64 00:06:36,671 –> 00:06:42,424 Ok by knowing that we can also write down 2 important subspaces we use all the time
65 00:06:42,624 –> 00:06:47,041 and of course I mean range and kernel for the operator T.
66 00:06:47,471 –> 00:06:54,457 So the explicit definitions you might already know, but because we have to consider a domain here, I want to write them down.
67 00:06:54,657 –> 00:07:00,057 Now first the range of T is given by all the elements we hit on the righthand side.
68 00:07:00,257 –> 00:07:04,674 This means we have to go through all lower case x in D
69 00:07:04,874 –> 00:07:08,068 and what we get is a subspace in Y.
70 00:07:08,268 –> 00:07:12,086 So please remember that. It’s still a linear subspace.
71 00:07:12,457 –> 00:07:17,830 Ok and now for the kernel we have to take all the points x that are sent to 0.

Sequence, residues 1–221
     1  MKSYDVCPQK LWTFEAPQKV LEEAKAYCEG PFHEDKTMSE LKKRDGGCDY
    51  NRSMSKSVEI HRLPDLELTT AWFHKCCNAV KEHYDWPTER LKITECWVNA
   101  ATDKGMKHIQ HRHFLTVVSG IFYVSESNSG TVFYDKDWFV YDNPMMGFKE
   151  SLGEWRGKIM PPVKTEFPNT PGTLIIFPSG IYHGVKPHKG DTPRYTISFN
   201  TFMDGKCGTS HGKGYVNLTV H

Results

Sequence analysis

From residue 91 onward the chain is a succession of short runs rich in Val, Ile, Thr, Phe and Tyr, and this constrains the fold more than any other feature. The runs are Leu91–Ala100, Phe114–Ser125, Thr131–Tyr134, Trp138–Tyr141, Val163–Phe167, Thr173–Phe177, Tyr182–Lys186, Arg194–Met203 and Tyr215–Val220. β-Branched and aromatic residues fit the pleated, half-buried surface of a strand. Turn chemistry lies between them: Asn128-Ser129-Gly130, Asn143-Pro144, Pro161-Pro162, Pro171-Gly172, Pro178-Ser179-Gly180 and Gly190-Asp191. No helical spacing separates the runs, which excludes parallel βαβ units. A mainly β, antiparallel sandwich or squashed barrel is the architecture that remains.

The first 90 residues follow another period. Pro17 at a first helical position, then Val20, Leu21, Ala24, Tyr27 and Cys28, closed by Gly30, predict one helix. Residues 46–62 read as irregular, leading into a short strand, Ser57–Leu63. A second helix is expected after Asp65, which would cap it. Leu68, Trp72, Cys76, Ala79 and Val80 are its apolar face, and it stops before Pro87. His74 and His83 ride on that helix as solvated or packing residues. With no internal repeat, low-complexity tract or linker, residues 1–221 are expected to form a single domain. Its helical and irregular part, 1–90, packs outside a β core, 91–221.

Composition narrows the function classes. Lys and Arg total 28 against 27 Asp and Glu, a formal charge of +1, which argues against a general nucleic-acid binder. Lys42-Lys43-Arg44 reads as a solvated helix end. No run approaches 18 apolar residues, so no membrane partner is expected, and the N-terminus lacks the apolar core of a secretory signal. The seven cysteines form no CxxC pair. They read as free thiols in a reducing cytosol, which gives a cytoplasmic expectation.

72 00:07:18,300 –> 00:07:22,566 Therefore what we get here is a linear subspace in X.
73 00:07:22,766 –> 00:07:28,504 Ok and with that we have it. We have the range of the operator T and the kernel of T
74 00:07:28,704 –> 00:07:33,838 and now in the next step we can finally recall the definition of boundedness
75 00:07:34,314 –> 00:07:39,917 and then of course if you know what bounded means, you also know what unbounded means.
76 00:07:40,117 –> 00:07:48,863 So now bounded means we find a constant c. Which we could choose greater than 0, but it should be a finite number
77 00:07:49,063 –> 00:07:55,909 and now for every point x in the domain we can calculate Tx in the norm of Y
78 00:07:56,109 –> 00:08:00,620 and now this one should always be bounded by the constant c.
79 00:08:00,820 –> 00:08:06,115 More precisely it’s c times the norm of x in the space X
80 00:08:06,871 –> 00:08:13,278 and here you should recognize if you calculate the operator norm you have learned in the functional analysis course,
81 00:08:13,478 –> 00:08:17,857 you see this operator norm is bounded by the constant c
82 00:08:18,286 –> 00:08:22,251 and therefore the operator T is called bounded